The blending of cotton and silk creates a great charkha fiber. With the exception of the
Angel Wings blend, the silk adds sheen and strength to the cotton in these blends.
Another item to note if you are interested in spinning cotton and silk is that silk will
take acid dyes (I have learned by experience that cotton does not), so dying these
blends with acid dyes may create an interesting effect.
This blend is 30% cotton,
30% silk. The silk is
Bombyx, and this blend does
take on some of the spinning
characteristics of the bombyx
silk, so if you are used to
spinning cotton, spinning this
blend may take some getting
This blend is cotton with silk noils,
which is short, nubby bits of silk that
add the texture to this blend. These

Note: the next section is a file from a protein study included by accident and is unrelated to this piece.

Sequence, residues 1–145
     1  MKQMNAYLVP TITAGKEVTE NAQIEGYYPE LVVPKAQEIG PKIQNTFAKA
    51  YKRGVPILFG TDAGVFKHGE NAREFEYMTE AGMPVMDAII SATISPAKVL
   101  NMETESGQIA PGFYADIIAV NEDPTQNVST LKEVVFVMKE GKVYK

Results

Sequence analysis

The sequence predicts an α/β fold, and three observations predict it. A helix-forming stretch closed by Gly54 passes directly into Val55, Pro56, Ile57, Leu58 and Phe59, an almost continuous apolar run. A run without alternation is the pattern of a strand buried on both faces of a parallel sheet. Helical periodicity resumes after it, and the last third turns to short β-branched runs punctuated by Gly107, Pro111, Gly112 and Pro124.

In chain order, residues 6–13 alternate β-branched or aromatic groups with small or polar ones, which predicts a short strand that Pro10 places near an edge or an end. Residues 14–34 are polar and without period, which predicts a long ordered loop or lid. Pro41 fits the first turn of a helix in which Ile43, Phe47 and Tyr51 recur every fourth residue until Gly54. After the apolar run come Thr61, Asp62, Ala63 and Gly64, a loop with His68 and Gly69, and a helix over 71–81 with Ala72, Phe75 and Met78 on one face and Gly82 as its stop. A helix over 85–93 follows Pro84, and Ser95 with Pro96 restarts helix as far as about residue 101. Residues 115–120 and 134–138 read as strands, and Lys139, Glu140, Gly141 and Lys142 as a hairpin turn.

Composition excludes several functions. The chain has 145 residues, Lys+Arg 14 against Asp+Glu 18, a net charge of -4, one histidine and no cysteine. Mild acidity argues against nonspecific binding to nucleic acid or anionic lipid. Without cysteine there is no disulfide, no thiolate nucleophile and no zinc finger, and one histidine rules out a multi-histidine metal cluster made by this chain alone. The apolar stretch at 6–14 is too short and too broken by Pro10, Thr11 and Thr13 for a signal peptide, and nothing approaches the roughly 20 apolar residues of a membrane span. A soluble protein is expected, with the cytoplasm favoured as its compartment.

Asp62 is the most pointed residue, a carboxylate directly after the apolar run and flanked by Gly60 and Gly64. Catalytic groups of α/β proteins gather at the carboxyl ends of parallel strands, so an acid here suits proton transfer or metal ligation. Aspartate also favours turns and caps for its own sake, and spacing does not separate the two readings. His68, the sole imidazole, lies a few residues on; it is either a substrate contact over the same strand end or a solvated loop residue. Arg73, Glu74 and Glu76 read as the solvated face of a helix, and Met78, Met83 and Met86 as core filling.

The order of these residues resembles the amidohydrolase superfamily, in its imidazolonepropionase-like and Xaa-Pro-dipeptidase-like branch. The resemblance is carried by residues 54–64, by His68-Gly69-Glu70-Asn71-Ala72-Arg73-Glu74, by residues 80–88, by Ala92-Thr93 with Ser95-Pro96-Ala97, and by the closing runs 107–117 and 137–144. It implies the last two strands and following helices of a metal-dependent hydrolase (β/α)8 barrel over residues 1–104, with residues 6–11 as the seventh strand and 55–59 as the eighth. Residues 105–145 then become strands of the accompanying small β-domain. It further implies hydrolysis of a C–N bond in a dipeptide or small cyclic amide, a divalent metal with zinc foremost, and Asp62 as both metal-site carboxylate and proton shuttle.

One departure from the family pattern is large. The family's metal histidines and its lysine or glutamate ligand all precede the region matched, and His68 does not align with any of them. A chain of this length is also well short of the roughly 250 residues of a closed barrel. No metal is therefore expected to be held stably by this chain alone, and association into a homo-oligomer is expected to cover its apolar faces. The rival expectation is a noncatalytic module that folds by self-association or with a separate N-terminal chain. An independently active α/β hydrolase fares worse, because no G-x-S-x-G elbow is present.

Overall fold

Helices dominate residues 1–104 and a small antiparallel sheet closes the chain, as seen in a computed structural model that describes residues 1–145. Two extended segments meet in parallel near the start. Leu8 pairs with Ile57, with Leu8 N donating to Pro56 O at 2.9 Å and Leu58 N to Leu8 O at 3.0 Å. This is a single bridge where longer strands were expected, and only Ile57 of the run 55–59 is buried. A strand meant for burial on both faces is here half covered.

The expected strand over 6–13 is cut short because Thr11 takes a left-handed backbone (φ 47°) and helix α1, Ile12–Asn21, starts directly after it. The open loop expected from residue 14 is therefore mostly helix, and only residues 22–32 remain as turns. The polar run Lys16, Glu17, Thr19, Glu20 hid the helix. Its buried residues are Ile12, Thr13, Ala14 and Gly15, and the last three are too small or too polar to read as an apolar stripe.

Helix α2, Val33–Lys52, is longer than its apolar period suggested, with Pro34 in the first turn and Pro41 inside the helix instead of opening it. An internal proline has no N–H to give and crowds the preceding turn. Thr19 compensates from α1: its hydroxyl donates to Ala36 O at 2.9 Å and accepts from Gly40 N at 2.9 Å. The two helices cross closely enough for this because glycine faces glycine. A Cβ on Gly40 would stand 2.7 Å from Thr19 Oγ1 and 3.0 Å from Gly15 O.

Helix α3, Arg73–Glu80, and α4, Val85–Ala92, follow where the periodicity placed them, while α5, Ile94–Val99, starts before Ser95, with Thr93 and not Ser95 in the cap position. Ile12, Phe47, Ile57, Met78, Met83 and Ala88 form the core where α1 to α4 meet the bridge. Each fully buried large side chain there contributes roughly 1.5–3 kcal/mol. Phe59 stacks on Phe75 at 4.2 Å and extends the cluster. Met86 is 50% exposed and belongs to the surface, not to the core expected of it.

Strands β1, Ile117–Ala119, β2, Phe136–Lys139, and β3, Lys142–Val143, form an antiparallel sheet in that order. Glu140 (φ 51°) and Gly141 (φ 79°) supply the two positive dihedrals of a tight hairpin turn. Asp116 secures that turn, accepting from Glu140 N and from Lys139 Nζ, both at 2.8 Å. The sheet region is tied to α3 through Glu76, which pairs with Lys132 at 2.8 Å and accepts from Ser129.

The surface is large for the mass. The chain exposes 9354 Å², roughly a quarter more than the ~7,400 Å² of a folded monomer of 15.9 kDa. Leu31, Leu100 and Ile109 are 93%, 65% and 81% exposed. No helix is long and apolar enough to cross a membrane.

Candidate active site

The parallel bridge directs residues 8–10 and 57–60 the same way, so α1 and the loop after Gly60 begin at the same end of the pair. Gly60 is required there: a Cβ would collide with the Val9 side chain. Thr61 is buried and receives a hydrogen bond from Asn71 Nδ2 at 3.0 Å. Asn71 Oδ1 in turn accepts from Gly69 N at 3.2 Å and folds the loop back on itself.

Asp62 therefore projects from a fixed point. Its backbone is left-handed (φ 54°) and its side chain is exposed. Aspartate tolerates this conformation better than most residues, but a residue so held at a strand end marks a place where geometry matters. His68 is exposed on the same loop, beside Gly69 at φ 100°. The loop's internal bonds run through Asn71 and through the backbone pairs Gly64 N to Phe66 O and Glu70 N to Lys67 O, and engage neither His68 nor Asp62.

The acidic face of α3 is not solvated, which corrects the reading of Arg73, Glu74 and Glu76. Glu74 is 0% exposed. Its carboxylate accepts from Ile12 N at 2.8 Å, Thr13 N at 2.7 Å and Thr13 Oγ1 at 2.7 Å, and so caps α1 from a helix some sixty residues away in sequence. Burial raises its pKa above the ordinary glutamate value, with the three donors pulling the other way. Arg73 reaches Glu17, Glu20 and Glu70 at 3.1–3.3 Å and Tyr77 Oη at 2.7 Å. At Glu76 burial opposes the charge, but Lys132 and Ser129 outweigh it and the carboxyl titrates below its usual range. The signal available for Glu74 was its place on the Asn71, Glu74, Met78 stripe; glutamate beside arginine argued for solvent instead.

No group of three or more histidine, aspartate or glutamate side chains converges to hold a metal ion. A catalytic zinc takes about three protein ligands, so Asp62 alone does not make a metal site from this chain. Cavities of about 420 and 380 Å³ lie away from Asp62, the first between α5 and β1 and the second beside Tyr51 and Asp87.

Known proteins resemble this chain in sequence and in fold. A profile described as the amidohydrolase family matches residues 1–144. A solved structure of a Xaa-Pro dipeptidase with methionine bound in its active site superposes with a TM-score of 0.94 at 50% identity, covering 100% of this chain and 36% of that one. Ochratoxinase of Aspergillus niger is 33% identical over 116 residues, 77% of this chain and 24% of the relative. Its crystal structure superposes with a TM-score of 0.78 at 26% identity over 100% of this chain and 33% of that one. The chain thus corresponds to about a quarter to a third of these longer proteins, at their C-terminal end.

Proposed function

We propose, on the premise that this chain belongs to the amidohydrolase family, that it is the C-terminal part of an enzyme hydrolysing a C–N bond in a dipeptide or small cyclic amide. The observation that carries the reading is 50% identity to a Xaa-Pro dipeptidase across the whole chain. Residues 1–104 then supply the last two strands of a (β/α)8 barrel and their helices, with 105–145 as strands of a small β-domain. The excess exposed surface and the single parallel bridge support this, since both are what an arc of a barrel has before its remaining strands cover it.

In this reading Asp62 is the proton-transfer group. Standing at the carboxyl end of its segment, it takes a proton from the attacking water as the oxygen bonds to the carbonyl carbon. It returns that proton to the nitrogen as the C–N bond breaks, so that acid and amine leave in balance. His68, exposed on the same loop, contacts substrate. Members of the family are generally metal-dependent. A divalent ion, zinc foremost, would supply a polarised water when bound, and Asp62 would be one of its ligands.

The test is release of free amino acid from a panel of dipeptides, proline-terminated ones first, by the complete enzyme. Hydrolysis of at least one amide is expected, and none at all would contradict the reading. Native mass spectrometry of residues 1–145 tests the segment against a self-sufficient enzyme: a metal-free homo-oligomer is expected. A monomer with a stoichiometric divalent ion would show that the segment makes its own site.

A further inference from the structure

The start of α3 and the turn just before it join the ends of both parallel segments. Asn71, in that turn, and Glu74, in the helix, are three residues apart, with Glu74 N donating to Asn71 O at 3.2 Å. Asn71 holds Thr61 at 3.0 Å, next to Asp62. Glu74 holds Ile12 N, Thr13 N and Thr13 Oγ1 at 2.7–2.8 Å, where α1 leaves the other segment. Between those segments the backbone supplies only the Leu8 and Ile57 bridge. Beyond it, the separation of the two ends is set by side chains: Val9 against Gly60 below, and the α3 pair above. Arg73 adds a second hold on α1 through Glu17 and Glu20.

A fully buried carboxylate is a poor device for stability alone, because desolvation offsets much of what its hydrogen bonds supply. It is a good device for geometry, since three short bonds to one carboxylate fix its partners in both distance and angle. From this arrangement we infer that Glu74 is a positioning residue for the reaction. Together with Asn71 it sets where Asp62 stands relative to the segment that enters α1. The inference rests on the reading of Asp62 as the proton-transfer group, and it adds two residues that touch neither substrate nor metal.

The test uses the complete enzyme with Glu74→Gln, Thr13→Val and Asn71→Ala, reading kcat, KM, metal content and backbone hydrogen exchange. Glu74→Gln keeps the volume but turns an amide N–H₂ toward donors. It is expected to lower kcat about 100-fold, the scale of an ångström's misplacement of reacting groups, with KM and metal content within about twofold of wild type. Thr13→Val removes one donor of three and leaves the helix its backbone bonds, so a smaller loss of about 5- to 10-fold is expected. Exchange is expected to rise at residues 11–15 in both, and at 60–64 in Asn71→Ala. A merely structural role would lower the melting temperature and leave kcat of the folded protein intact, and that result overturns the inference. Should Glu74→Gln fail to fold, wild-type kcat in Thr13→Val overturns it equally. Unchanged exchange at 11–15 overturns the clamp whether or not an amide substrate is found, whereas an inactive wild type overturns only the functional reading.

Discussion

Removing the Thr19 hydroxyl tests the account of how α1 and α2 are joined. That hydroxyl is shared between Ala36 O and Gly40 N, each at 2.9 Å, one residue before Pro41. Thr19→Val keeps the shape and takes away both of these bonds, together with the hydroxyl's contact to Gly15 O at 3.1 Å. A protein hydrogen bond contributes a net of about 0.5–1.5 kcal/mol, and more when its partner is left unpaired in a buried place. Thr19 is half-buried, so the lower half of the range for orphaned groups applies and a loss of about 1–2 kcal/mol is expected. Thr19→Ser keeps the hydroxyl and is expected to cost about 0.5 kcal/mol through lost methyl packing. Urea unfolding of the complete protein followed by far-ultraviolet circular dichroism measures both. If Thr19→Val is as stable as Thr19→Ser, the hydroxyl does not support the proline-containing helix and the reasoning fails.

nubs actually make the blend as a whole
weaker than the cotton by itself,
making it somewhat difficult to spin. I
would not recommend this blend to a
beginner, but it has a neat texture
creating a chenille-like yarn.
I like any blend that adds naturally
colored cotton. With this blend,
brown cotton is added to silk. I
suspect the silk in this case is tussah
silk, because its natural color would
add interest to this blend, plus this
blend was somewhat easier to spin
than with the 70/30 cotton silk blend.
Of the three blends on this page, this
is probably the best blend for a